Top Fuel Bike
Multi-time and Reigning ACU Top Fuel Bike Champion Steve Woollatt (featured photo above) had a slim 20 point lead coming into the National Finals at Santa Pod, just ahead of Al Smith. Neil Midgley had a mathematical chance if Woollatt and Smith had problems. This was the closest the class was for a championship in a very long time, and it would go down to the final race to be decided.
Woollatt opened the session with 6.150 at 221.17 miles per hour. Smith had tested the day before the event and bent a con-rod. The team did the repairs and Smith ran a jaw dropping career personal best of 6.012 at 228.94 mph, which was quicker than the ACU ET record and faster than ACU Speed record. Smith needed to run quicker than 6.07 and 226 mph plus to set the records and more importantly, extra points for the championship. His second run was 6.096-225.89.
Midgley had an engine problem off the start line in Q1, and in the next session ran 6.435-200.58. At the end of qualifying, Smith had the lead in the points with low ET and speed, and number one qualifier.
Midgley put a holeshot (rt .169 to .263) over Woollatt, but slowed at mid-track and Woollatt took the win 6.288-219 to 7.897-106. Smith had a bye to the final and did a launch only.
The final was set anyone and could take the championship. The title was decided on the start line when Smith left on the stage light and Woollatt won his nineteenth(!) ACU Top Fuel Bike Championship.
Stuart Crane had the ACU Funny Bike Championship won and this meeting he was going to test a new billet cylinder head during the eliminations. Crane ran 6.627-196.19 out of the trailer and the next pass a clutch gear broke and parts hit Crane’s body. He was ok.
Crane’s teammate Mark Smith ran 7.129-178.52 and then in session two, broke all the selector forks. So the Warpspeed team decided to fit the new billet cylinder head on Smith’s bike for eliminations and finished at 4.00 am.
Phil Crossley worked his socks off to get the engine repaired—making a crankshaft in his shed, machining cases, fitting a spare cylinder head and barrels for Tony Clark to compete. Clark missed the opening qualifying session while still rebuilding the bike and later ran 7.392-179.97.
Kevin Osman had repaired his forks and still had some launch issues off the start line and ran 8.284-182.78. Dave Peters had a nitrous issue, causing a mis-fire in qualifying and ran 8.296-165.46.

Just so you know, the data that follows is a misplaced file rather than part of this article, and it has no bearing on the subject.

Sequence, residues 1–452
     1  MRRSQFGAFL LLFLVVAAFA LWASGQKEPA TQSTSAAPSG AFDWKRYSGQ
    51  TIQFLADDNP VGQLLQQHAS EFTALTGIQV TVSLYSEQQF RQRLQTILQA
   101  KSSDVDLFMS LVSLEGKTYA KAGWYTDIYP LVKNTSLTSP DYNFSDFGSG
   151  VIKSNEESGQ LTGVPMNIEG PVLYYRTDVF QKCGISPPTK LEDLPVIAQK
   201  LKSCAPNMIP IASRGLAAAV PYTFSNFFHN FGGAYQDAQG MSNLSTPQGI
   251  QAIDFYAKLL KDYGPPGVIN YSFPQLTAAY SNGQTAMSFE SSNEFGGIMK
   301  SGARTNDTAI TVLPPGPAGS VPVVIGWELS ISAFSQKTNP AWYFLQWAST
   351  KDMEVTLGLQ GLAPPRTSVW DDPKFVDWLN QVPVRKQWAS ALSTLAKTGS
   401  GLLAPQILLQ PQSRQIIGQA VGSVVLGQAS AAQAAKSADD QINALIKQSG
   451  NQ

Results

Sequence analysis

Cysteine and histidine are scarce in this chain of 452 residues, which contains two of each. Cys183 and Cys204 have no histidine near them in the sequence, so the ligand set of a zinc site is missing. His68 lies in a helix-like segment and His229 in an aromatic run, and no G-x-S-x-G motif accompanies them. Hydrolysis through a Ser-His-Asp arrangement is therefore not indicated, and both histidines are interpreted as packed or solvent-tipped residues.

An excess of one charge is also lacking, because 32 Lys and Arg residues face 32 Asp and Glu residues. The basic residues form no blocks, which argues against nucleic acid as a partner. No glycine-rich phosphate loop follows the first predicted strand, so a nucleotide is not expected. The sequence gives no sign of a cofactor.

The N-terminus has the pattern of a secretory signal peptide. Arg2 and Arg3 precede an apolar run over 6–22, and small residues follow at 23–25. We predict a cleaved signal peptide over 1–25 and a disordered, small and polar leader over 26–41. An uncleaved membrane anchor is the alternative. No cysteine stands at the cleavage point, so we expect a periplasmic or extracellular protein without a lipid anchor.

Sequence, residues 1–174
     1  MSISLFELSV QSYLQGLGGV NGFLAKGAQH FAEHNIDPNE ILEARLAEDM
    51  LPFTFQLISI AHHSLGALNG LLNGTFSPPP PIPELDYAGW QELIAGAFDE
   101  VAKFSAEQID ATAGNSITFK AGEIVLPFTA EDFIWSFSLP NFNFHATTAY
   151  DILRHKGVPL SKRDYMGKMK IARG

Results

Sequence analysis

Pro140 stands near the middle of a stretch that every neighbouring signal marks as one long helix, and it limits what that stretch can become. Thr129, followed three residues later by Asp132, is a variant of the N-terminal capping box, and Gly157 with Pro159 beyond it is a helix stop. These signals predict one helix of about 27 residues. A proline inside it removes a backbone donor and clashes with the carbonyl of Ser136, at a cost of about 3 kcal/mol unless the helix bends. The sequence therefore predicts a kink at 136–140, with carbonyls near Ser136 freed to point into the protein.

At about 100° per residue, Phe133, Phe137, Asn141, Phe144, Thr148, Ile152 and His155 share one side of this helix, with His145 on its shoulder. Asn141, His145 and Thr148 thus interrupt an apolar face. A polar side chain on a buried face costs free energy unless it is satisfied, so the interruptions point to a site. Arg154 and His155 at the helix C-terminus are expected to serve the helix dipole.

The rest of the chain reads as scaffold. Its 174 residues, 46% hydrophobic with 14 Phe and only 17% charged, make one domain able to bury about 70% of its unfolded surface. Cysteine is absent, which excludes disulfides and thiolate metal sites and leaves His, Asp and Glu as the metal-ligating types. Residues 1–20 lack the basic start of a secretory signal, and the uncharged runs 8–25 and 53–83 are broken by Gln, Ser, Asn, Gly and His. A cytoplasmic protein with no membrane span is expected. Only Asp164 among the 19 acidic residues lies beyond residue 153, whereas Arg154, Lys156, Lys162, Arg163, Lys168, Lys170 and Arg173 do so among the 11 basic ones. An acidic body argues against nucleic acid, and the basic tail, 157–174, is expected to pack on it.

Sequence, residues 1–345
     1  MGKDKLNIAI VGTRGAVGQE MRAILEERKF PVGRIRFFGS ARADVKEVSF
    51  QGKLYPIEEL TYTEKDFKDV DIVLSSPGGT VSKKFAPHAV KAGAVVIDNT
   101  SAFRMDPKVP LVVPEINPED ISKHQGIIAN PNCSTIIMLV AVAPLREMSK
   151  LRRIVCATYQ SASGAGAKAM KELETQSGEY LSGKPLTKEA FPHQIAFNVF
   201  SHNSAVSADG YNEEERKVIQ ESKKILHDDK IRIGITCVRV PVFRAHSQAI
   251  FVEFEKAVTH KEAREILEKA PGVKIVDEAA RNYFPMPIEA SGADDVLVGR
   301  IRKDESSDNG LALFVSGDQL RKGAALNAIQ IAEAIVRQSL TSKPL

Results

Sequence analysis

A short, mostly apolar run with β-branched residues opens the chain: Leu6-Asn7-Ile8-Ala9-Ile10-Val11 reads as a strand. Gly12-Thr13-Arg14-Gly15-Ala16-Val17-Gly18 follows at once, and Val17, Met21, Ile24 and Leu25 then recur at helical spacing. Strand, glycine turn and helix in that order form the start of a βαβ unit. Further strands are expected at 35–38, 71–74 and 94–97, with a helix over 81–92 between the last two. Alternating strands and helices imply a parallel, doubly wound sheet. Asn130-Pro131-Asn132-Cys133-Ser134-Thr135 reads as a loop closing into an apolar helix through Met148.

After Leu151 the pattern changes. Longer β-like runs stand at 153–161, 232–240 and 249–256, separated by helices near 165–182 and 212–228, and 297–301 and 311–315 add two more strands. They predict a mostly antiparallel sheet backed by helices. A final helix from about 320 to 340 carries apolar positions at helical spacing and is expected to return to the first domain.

Jiri Lukes had his chain break in the shutdown area. He was ok and ran 8.767-148. Roger Moore had a primary drive assembly break (snout broke), so Bob Brookes went back to his garage and machined a new part. Five hours later he was back at the track.
Peters won a close race against Osman in round 1, 8.507 to 8.697 and had a bye to the final. Moore put a holeshot (rt .290 to .520) over Smith, who powered around to take the winlight 7.451 to 7.820. Clark beat Lukes.
Smith’s motor cut out while staging against Clark in the semi-final. Peters led from start to finish in the final 7.445 to Clark’s 7.725.
Super Street Bike
Steve Venables only had to qualify number one spot to claim another ACU Super Street Bike Championship, which he did 6.909-218.04. Alan Morrison Jr was back on form with a 6.981 with a personal best speed of 212.80. Alex Hope had a fuel pump shaft break and then ran a p/b 7.011. Garry Bowe was next at 7.027, followed by Jake Mechaell’s 7.036-206.16 with a different rear sprocket. Mark Hope was sixth at 7.186-205.09. Mark Dainty was also back on form at 7.199 with a p/b speed of 205.11. Stephen Mead was on the bump spot at 7.301. Dave Smith ran his best with his new combination 7.407. Ross Morrison had ECU issues and ran 7.664 with a p/b speed of 191.44.
Steve Wood has had clutch problem for most of the season and fitted a AMS2000 system and finally it all came good. He ran 8.002 at 178.51 personal best figures in the second session and then his first seven-second pass—a 7.977 to the delight of the other teams. This is the first time all the competitors, more than eight bikes, have run a seven second pass in qualifying in an ACU championship event.